Métis artist Destiny Swiderski transforms back alley into award-winning 'connector'

Métis artist Destiny Swiderski is hoping her art is going to turn heads in the direction of Edmonton's Beaver Hills House Park.

'It was a dark alley. It was really important for me to create a sense of safety at night and ... a story'

This art instillation connects Michael Phair Park with Beaver Hills House Park at Jasper Avenue and 103 Street. (John Robertson/CBC)

Destiny Swiderski lives to create whether it's tending to an acres of blueberries on Vancouver Island or designing and installing massive public art projects.

The 36-year-old Métis artist's latest work occupies a previously bare wall connecting the relatively new Michael Phair Park with Beaver Hills House Park that's been at Jasper Avenue and 103rd Street for close to 40 years now.
Artist and designer Destiny Swiderski. (Destiny Swiderski)

Swiderski remembers being presented with the artistic challenge.

"I had this site; it was a dark alley. It was really important for me to create a sense of safety at night and to create a story."

In the mural, more than 150 copper silhouettes of Bohemian waxwings swoop over a lodgepole forest.

Swiderski says she put her heart and soul into a project that took a year from conception to completion.

"This piece was not just going to be about me, it was going to be about the community at large and what they had to say."

It's the reason the lead artist enlisted the help of individuals from Edmonton organizations like the iHuman Youth Society and the Canadian Native Friendship Centre.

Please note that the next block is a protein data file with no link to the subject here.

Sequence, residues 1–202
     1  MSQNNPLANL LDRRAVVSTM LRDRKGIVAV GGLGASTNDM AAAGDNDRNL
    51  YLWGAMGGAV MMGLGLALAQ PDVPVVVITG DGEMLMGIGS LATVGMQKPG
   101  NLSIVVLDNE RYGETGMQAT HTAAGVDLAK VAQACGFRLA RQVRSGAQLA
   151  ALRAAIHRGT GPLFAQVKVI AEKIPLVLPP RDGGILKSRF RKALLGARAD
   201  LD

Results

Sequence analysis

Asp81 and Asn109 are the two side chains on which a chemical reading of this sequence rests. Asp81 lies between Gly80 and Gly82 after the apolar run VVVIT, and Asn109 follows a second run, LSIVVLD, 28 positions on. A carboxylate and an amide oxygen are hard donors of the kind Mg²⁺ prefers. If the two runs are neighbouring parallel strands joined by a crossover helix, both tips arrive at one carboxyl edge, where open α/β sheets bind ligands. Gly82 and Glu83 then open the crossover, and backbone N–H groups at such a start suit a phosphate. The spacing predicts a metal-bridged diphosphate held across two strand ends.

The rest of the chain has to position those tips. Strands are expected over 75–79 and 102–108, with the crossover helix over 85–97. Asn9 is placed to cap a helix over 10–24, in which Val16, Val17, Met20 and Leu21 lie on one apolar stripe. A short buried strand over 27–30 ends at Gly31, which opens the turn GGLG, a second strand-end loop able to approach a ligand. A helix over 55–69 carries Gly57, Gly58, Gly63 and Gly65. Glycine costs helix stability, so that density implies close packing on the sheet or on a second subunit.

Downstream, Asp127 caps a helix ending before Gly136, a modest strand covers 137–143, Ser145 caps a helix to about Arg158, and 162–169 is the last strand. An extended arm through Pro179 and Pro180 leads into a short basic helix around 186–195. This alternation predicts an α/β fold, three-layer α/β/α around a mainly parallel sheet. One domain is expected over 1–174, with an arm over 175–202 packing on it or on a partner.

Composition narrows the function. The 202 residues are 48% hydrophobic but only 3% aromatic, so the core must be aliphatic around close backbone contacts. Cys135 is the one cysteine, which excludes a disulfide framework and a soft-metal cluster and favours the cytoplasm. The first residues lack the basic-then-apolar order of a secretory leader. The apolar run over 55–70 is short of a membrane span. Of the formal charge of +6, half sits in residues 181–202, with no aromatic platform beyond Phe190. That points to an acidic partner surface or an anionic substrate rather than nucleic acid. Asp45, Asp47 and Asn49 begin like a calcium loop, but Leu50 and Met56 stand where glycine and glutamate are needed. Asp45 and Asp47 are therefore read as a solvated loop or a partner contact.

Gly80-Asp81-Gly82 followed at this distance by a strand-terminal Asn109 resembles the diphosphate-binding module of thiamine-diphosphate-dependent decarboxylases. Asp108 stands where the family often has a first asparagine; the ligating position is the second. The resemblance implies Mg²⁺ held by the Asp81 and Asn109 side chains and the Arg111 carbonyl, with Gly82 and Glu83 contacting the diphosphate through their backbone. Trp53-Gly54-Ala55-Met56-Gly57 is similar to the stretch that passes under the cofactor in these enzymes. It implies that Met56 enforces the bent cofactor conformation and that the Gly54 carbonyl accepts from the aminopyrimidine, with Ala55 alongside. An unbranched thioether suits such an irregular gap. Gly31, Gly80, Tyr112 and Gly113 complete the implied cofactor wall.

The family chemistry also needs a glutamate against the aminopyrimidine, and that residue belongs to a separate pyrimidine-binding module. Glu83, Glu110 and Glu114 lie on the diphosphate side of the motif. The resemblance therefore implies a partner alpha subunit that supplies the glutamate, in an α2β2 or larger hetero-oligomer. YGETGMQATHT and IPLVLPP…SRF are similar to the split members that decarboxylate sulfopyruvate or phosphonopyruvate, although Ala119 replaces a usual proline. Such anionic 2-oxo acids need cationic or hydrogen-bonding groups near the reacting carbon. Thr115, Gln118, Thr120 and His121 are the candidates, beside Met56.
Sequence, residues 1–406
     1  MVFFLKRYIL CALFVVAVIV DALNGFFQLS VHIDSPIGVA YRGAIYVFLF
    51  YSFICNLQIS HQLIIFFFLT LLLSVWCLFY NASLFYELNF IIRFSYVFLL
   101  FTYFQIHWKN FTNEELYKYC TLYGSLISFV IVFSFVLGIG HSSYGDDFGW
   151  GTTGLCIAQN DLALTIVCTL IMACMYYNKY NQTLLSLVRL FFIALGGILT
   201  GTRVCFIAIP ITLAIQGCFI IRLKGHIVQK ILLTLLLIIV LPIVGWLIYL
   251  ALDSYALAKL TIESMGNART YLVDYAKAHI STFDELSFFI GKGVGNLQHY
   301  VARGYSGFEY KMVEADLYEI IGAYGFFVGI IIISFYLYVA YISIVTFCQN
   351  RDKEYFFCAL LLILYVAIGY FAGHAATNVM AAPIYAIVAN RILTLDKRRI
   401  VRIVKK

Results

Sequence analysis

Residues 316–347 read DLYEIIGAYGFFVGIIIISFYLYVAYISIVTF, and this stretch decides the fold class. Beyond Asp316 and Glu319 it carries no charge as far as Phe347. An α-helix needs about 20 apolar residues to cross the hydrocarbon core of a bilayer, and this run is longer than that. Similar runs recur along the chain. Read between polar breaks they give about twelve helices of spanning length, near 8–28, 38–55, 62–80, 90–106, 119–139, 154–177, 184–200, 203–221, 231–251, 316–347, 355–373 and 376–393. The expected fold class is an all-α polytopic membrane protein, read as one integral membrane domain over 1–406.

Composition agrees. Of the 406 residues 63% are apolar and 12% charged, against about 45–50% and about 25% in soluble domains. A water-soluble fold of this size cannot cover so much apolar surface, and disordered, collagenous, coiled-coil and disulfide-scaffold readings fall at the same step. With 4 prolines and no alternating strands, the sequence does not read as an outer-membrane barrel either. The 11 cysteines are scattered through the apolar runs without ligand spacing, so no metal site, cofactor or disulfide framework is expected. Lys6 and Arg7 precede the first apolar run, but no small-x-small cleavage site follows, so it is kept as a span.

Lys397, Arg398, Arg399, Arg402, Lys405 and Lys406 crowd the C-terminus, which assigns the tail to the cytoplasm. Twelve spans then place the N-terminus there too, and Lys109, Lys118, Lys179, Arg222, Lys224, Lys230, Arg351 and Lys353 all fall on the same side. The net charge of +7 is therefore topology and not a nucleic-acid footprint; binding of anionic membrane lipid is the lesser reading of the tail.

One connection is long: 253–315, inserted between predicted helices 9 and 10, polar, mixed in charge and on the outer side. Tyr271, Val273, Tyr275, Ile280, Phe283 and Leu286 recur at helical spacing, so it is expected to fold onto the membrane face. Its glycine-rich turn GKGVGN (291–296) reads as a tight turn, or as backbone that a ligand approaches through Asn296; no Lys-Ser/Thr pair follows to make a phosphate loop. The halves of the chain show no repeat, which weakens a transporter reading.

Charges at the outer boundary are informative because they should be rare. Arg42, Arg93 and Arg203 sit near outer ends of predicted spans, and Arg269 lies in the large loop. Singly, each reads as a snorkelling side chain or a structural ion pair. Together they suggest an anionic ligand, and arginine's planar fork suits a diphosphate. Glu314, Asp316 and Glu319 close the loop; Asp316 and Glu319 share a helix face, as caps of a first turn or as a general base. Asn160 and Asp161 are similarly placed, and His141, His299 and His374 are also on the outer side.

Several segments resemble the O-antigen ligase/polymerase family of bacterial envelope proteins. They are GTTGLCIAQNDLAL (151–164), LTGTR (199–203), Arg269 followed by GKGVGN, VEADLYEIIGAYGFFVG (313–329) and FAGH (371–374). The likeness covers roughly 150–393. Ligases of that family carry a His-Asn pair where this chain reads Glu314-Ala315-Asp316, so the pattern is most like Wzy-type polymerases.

Some of the three-dimensional bird silhouettes now greeting visitors to Edmonton's Beaver Hills House Park. (John Robertson/CBC)

"It was very important that I got knowledge holders and elders as collaborators because they were my teachers," Swiderski said.

She gave them some of the birds to personalize.

"All I said to them was 'Tell me your story,' so they drew, they put letters, words of peace and love, so it really talked about what they were feeling about the past, the present and the future," she said.

"I also really needed to make that connection between the rural Beaver Hills Park which is located east of Edmonton and the urban environment where (this) park was placed."

Will Truchon, chair of the public art committee with the Edmonton Arts Council, says Swiderski's work is just the latest success by an Indigenous artist in the city.

"Essentially it increases our quality of life"

6 years ago
Duration 3:52
Featured VideoWill Truchon, chair of the public art committee with the Edmonton Arts Council, gives us a tour of some of the work on display.

Truchon points to the mural by Alex Janvier at Rogers Place, another by Aaron Paquette at the Grandin LRT station, work by David Garneau taking place now on the Edmonton's Tawatinâ LRT bridge and the construction of a new Indigenous art park.

"I think everywhere you go, it's really nice to see public art and a lot of it talks about the history in the community. Essentially it increases our quality of life," said Truchon.

This month, Swiderski's Beaver Hills House Park mural was recognized by the organization American for the Arts in its year in review of "outstanding" public art projects.   

You can see more from Beaver Hills House Park this week on Our Edmonton Saturday at 10 a.m. and 11 a.m. on Sunday and Monday on CBC TV.
Public art is part of Beaver Hills House Park. (John Robertson/CBC )